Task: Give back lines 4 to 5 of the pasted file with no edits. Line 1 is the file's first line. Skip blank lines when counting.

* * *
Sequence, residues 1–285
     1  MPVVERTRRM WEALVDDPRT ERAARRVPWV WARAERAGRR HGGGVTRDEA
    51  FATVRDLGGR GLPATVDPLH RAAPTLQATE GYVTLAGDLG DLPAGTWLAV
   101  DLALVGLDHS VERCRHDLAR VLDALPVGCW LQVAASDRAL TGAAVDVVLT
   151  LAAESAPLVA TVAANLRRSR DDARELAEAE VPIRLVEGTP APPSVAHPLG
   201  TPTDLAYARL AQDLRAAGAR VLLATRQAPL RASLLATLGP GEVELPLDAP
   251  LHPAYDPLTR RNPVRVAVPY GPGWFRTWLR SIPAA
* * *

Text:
   101  DLALVGLDHS VERCRHDLAR VLDALPVGCW LQVAASDRAL TGAAVDVVLT
   151  LAAESAPLVA TVAANLRRSR DDARELAEAE VPIRLVEGTP APPSVAHPLG